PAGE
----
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    • Member Info
      • Native Language:
      • Arabic
      • Home Country:
      • Palestinian Territory
      • Current Location:
      • Palestinian Territory

    • Join Date: Dec 2011
    • Posts: 26
    #1

    Articles

    Hello. How are you all.
    Which one is right? Use "a" mobile or "the" mobile? Use the telephone or a telephone?
    Thank you

  1. Chicken Sandwich's Avatar
    • Member Info
      • Native Language:
      • Russian
      • Home Country:
      • Russian Federation
      • Current Location:
      • Netherlands

    • Join Date: Jun 2010
    • Posts: 1,458
    #2

    Re: Articles

    NOT A TEACHER

    That depends. Could you provide more context?

    • Member Info
      • Native Language:
      • Arabic
      • Home Country:
      • Palestinian Territory
      • Current Location:
      • Palestinian Territory

    • Join Date: Dec 2011
    • Posts: 26
    #3

    Re: Articles

    I found in our school books an activity about means of communication, and they wrote "use the telephone" and " use a mobile". I just want to know if we can use both articles with the telephone and the mobile.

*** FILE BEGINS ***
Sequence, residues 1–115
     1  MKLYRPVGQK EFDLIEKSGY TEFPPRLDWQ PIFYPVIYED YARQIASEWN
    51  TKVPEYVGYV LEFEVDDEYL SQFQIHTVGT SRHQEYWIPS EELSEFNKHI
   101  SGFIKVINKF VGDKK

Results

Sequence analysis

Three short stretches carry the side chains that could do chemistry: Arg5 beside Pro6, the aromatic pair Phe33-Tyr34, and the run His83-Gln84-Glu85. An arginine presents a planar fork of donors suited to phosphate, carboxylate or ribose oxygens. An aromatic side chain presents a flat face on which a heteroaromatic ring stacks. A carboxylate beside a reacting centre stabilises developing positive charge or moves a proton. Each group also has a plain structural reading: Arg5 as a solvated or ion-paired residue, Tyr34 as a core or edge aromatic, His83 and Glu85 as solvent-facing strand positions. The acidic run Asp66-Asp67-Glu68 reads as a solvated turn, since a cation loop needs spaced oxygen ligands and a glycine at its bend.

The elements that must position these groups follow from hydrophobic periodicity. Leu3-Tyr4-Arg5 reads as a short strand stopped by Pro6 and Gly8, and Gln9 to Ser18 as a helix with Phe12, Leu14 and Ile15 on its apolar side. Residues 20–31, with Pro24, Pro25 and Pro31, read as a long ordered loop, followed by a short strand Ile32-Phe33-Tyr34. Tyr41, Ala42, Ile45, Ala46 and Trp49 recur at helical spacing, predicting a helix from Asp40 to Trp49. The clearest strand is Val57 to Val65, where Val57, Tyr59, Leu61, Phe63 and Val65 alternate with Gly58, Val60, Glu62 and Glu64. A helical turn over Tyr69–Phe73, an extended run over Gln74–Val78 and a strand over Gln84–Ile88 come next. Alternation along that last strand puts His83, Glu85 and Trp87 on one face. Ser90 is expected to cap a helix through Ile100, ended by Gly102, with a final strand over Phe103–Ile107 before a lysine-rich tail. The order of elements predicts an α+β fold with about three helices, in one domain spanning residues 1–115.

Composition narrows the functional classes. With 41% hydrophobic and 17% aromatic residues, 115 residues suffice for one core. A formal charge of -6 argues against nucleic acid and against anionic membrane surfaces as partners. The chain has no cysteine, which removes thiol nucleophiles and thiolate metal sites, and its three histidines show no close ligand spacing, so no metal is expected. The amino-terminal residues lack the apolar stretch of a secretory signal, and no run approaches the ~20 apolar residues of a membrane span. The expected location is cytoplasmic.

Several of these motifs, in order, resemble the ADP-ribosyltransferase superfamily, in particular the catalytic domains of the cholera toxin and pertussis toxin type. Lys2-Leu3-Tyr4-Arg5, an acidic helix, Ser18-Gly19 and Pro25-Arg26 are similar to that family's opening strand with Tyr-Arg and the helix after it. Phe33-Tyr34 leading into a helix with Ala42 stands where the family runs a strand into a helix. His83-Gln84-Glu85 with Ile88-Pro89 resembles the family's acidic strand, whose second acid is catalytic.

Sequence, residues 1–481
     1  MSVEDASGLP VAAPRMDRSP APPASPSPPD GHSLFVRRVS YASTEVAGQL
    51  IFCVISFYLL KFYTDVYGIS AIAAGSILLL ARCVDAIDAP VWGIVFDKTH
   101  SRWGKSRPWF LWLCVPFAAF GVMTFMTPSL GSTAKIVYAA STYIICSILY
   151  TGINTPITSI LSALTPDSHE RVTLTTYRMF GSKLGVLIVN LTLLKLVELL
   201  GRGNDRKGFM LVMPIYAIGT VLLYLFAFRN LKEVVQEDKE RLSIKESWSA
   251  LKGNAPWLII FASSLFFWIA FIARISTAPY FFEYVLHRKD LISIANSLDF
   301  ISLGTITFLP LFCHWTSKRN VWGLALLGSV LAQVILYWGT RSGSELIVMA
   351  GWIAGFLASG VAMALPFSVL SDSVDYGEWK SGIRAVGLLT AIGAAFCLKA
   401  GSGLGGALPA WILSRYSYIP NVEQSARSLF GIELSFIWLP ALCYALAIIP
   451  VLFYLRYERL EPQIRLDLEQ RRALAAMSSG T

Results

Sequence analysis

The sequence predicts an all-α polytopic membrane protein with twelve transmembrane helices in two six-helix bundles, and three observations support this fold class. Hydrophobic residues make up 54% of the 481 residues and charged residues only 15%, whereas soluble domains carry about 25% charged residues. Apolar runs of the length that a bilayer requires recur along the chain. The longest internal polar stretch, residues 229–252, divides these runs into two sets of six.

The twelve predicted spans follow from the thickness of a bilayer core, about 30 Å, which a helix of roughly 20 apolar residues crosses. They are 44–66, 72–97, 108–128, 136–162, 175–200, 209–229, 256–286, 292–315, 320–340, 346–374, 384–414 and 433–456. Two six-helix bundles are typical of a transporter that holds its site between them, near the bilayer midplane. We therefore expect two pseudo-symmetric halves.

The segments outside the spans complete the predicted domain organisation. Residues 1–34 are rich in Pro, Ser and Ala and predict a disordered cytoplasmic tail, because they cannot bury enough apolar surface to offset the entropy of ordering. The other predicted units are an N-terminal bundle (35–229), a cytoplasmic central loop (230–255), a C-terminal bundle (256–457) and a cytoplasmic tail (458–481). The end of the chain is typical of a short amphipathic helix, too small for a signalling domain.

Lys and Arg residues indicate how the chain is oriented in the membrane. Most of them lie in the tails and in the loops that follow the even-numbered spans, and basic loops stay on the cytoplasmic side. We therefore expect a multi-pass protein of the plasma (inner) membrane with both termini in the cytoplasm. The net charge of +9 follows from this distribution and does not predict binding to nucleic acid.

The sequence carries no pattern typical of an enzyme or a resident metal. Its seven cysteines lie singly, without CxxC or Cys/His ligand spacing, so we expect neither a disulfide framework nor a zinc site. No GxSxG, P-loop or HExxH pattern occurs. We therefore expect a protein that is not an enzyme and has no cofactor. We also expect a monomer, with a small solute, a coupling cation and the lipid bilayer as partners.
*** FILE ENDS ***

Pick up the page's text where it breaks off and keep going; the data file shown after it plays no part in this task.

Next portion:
Thank you.

  2. Barb_D's Avatar
    • Member Info
      • Native Language:
      • American English
      • Home Country:
      • United States
      • Current Location:
      • United States

    • Join Date: Mar 2007
    • Posts: 19,221
    #4

    Re: Articles

    Articles are tricky.

    We may say "Just use the phone" to mean "the entire system of telecommunications." (Like we say "See the doctor" even though there are hundreds of doctors in our city.)

    On the other hand, when annoyed that our daughter hasn't called after being out later than expected, we may also say "And you couldn't have just used a phone to let me know where you were?!" which emphasizes that there are many phones where she was and she could have used any of them to contact us.

    On the other hand, "a mobile phone" would tend to refer to an individual unit, but not a specific one, unless context says otherwise.

    "Call Peter and let him know we'll be late. There's a landline phone and a cell phone on the table, but use the cell - his number is programmed in." In this case, we're talking about a specific mobile (cell) phone.
    I'm not a teacher, but I write for a living. Please don't ask me about 2nd conditionals, but I'm a safe bet for what reads well in (American) English.

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